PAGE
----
Bankruptcy Law, Debt Relief

How to Protect Your Home in Bankruptcy

When facing the possibility of filing for bankruptcy, whether it be Chapter 7 or Chapter 13, the thought of losing your home can be frightening. In fact, losing one’s home can be one of the biggest concerns holding someone back from filing for bankruptcy. The lawyers at Kingcade Garcia McMaken work hard to protect people from losing their assets in a bankruptcy case, including the filer’s home.

Automatic Stay

One of the first protections filers receive when proceeding with any type of bankruptcy case is the automatic stay. The automatic stay keeps creditors from continuing any collections actions, and it immediately goes into effect after the bankruptcy petition is filed.

Florida’s Homestead Exemption

Florida has one of the most generous homestead exemptions in the country. Under Florida’s bankruptcy exemptions, a homeowner can exempt an unlimited amount of value in his or her property so long as the property covered is not more than half an acre in a municipality or 160 acres in any other location.  The homestead exemption protects real or personal property, including a home, condominium, or mobile or modular home. The key is, however, the homeowner must have bought and owned the property for at least 1,215 days prior to the bankruptcy filing.  Otherwise, the home may not be exempt.

Chapter 7 or Chapter 13 Bankruptcy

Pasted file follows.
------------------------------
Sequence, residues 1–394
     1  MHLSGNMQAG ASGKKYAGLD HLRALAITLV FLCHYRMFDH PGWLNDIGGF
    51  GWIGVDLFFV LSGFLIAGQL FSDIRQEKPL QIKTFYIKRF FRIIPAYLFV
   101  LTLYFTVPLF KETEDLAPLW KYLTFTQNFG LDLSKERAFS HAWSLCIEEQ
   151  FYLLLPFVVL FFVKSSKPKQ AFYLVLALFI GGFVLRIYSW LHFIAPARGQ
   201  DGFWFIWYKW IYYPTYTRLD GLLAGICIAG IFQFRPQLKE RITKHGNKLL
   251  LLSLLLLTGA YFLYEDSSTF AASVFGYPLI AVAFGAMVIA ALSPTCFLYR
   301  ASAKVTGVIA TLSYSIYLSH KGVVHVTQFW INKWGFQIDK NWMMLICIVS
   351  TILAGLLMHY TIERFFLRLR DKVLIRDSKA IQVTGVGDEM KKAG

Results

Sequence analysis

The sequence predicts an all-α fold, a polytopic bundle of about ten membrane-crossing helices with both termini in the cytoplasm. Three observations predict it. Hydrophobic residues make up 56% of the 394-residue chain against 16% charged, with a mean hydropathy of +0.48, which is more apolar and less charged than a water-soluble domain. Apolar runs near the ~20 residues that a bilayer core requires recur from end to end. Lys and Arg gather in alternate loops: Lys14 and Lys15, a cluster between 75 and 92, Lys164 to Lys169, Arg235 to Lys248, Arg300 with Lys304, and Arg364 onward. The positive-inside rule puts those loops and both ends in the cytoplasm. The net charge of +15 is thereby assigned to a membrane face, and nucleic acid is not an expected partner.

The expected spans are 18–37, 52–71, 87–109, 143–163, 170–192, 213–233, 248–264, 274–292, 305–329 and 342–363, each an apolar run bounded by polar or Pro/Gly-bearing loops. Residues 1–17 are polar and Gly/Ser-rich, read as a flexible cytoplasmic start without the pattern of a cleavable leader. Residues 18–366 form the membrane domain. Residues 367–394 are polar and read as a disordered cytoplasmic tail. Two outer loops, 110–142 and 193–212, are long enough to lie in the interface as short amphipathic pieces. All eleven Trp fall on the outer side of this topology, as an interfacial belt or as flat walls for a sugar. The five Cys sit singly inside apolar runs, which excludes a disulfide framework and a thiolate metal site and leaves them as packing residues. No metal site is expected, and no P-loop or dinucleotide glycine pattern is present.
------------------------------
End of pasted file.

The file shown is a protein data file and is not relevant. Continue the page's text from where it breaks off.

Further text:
In a Chapter 13 bankruptcy, the filer has a chance to work with the bankruptcy trustee on a repayment plan regarding qualifying debts. The filer will have a chance to keep his or her property, including the person’s home, if that individual is current on mortgage payments. However, most bankruptcy filers are not current with their mortgages and many are even facing foreclosure.

Chapter 13 bankruptcy allows them to catch up on mortgage payments in the repayment plan, while making current payments. It is important that the person be able to make these payments, however, for the plan to be successful. In a Chapter 7 bankruptcy, the homeowner will need to work out an arrangement directly with the lender on payments owed. The Chapter 7 bankruptcy trustee will pay off the filer’s creditors by selling nonexempt assets, and while the home may be protected under the bankruptcy exemption, the homeowner is still responsible for the debt associated with the home.

Real estate issues can be complex, and when they are combined with financial issues the importance of having a legal advocate on your side can make all the difference in keeping valuable property, such as your home.

If you have questions on this topic or are in financial crisis and considering filing for bankruptcy, contact an experienced Miami bankruptcy attorney who can advise you of all of your options. As an experienced CPA as well as a proven bankruptcy lawyer, Timothy Kingcade knows how to help clients take full advantage of the bankruptcy laws to protect their assets and get successful results. Since 1996 Kingcade Garcia McMaken has been helping people from all walks of life build a better tomorrow. Our attorneys’ help thousands of people every year take advantage of their rights under bankruptcy protection to restart, rebuild and recover. The day you hire our firm, we will contact your creditors to stop the harassment. You can also find useful consumer information on the Kingcade Garcia McMaken website at

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